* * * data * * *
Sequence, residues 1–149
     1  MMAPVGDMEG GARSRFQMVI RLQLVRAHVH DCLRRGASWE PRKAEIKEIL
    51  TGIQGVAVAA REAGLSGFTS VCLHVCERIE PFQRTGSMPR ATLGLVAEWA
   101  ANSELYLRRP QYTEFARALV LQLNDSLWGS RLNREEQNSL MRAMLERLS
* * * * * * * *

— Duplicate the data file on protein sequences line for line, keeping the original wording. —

Sequence, residues 1–149
     1  MMAPVGDMEG GARSRFQMVI RLQLVRAHVH DCLRRGASWE PRKAEIKEIL
    51  TGIQGVAVAA REAGLSGFTS VCLHVCERIE PFQRTGSMPR ATLGLVAEWA
   101  ANSELYLRRP QYTEFARALV LQLNDSLWGS RLNREEQNSL MRAMLERLS